My love/hate relationship with Winnipeg transit

On most days that I take the bus it’s a wonderful, fantastic, superlative experience where I get to relax, listen to music and maybe catch up on some reading. Whenever the bus ride is good, it’s great, never just okay. On the other hand, I never seem to have bus rides that are just a little frustrating or just a tad inconvenient. My relationship with the transit system is thus: whenever it’s good, it’s amazing; whenever it’s bad, it’s fucking terrible.

So the other day, on my afternoon trip to work, when things went bad, things went real bad.
First off, I’ll admit the first mistake of the day was mine. I was mere minutes away from catching my first of two buses that would get me from South Osborne to the University of Manitoba campus. Like a bat out of hell I burst through the front door of my building and ran full speed to the end of my street. Huffing, I waited there until I finally realized that I had run the wrong way. The bus I wanted actually stopped at the other end of my street. Hamburgers!
I ran back to my building, hauled ass up to my floor and checked the city’s Navigo system for the remaining options I had left with about 50 minutes to go before I was supposed to start work. Somehow all the stars aligned in such a way that at that moment the only way I could get from my building to my work in the span of exactly 50 minutes — a distance just over 6 kilometres — was to take a set of three different buses.

So there I was waiting for my (second) first bus, which came about seven minutes behind schedule. That didn’t cause me too much alarm. After travelling about four blocks, however, we were stuck in standstill traffic; no one was going anywhere. I eventually arrived at the stop for my second bus about 23 minutes late. So late, in fact, that my transfer bus had already cycled through and I was able to catch the second or third one going by that stop.

At that point I thought maybe my luck had finally turned. I was riding high until a handful of blocks later my second bus stopped for what I’m convinced was about 100 students, maybe 200 — who knows these things? This God damned bus got so packed it must have looked like the inside of a clown car. Sardines in a tin is an understatement.

Most of our city’s new buses come equipped with a speaker set that belts out the street names and alerts passengers of stops, but for whatever reason this bus’s speaker system left its mortal coil ages ago. After several minutes the crowd was too much for me, I dinged the bell and crowd surfed my way to the doors. I stepped off the bus only to realize I’d somehow gone too far, passed the university entrance and completely missed my second transfer.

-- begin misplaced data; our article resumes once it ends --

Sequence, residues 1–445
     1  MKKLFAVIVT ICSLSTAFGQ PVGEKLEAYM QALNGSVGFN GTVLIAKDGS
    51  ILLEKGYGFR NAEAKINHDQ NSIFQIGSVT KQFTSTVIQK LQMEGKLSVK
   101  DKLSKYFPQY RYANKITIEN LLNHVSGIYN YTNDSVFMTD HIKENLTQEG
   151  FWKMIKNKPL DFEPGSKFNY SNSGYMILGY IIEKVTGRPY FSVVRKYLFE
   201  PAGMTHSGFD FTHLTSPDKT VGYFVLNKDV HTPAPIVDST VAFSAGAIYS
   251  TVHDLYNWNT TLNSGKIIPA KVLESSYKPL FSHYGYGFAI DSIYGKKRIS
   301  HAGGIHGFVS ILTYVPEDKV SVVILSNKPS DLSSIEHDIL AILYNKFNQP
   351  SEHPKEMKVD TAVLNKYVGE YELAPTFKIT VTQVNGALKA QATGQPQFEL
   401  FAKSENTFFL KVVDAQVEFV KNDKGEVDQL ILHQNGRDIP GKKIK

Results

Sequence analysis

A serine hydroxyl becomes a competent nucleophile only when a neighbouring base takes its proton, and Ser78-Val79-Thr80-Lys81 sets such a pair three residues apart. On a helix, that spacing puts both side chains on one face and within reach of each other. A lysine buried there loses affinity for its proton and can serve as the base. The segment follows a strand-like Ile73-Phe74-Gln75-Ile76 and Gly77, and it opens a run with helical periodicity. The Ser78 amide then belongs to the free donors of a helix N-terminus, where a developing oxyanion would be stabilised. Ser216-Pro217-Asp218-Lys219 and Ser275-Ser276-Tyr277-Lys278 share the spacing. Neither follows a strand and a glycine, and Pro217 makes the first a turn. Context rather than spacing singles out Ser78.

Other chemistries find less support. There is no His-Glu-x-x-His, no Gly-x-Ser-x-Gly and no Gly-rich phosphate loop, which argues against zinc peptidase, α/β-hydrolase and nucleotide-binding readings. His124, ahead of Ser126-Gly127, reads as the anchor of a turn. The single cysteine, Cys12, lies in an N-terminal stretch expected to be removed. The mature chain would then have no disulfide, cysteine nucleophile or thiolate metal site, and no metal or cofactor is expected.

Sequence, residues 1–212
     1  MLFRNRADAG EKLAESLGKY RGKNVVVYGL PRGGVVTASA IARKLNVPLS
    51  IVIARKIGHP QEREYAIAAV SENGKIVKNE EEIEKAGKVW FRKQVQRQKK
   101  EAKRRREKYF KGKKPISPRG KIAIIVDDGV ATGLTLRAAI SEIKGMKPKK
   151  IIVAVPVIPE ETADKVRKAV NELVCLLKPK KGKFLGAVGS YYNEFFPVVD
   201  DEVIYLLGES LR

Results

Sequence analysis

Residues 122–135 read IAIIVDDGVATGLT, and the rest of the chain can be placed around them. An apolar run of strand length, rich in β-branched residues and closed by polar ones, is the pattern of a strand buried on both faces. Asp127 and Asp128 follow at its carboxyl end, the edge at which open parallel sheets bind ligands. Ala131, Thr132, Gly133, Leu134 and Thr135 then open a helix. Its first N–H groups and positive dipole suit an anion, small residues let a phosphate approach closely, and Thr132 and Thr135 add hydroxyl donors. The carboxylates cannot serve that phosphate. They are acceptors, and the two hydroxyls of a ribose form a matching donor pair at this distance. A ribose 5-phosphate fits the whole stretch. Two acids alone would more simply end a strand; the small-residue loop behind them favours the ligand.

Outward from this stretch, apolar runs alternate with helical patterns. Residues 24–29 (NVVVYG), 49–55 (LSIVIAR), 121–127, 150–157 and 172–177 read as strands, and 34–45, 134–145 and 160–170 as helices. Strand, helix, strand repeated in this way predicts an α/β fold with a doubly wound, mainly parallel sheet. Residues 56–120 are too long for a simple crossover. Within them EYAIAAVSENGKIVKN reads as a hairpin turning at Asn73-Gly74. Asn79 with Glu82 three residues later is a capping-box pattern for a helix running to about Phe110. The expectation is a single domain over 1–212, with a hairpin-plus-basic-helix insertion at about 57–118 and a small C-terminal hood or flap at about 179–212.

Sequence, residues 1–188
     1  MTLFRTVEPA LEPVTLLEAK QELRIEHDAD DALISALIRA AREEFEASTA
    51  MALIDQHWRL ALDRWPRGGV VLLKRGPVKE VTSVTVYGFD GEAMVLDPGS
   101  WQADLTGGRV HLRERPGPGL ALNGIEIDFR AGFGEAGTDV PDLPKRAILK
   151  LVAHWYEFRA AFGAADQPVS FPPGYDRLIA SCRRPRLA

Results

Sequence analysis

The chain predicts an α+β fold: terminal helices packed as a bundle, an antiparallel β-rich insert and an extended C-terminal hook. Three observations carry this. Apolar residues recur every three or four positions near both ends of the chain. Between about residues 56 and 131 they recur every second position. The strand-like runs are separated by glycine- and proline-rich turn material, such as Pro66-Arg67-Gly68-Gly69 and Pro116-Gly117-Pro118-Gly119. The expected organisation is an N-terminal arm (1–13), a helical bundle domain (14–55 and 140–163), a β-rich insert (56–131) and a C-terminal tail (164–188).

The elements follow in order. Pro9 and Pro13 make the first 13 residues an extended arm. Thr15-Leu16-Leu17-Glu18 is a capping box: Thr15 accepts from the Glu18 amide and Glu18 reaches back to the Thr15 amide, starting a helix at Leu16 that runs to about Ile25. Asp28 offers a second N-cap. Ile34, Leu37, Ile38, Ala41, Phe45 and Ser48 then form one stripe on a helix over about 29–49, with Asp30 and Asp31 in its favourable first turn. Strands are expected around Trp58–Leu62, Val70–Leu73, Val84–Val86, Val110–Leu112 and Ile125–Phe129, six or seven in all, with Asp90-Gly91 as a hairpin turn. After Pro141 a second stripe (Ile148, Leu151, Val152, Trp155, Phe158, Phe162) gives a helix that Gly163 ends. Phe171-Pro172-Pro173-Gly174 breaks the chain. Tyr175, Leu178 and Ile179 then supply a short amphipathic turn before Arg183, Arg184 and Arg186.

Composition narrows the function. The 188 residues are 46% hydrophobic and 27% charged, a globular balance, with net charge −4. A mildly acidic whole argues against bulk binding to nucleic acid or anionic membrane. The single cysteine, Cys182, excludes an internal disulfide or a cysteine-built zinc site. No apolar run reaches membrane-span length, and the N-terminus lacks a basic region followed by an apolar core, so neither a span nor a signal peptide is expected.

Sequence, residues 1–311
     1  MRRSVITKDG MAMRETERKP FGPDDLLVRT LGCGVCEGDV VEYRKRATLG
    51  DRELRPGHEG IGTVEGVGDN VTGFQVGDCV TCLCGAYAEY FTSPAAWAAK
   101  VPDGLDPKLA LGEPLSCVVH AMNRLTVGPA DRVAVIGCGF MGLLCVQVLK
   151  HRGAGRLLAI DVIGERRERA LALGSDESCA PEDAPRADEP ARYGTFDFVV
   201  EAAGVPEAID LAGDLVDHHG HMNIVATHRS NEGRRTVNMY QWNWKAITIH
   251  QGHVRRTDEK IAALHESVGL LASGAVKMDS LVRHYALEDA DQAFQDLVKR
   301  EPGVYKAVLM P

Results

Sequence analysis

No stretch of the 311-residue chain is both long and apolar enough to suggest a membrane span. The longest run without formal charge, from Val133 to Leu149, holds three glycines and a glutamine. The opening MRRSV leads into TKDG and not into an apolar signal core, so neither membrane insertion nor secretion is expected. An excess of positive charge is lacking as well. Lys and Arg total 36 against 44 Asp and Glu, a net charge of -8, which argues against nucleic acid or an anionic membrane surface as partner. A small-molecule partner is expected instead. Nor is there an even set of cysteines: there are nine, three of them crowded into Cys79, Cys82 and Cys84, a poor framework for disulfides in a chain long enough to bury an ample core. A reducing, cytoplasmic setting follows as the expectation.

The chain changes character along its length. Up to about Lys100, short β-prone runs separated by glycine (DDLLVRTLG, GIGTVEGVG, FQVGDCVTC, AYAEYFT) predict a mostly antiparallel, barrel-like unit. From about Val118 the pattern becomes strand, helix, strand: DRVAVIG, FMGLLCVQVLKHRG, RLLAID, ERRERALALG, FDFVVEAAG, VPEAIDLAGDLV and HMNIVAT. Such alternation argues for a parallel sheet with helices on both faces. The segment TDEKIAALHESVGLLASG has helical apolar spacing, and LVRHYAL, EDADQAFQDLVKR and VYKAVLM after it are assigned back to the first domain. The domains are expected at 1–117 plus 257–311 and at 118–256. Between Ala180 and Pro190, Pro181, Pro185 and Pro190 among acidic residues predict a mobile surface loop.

From that point on, my only faint glimmer of hope was the outline of the U of M Administration Building striking a silhouette in the distant horizon. I was nothing if not determined, though. I didn’t care how long it took; I could see the campus buildings so I was going to make it there by foot. I put my head down and plowed onward, never once looking back at the pain-filled path of destruction that had led me to that point.

After 25 minutes of walking my legs finally gave out and I began to crawl. It was a brisk day but the sun was beating down on me like a magnifying glass. My clothes tattered and my strength of will barely intact, I finally dragged myself across University Crescent and through campus. I was thirty minutes late for work but by God I had made it. I’d tried to catch four different buses and somehow ended up spending just as much time trekking by foot, wandering the streets of Winnipeg.

I was happy to have stared directly into the face of oblivion and survived to tell the tale but the whole journey still reminds me how frustrating the Winnipeg Transit system can be when things go awry. In a way, the whole experience can be diluted into one short conversation I had while on my adventure.

Moments after I had disembarked from my second bus, I tried one last desperate attempt to catch my elusive third bus. I took out my phone and dialed the transit number posted on the bus stop where I was standing.

“Please enter or say the five digit stop number now,” said the robot voice on the other end of the call.

I entered the number.

“You have entered an invalid number. Please enter or say the five digit stop number now.”

I said the number aloud.

“I did not hear your response.”
I said it again.

“ . . . I did not hear your response.”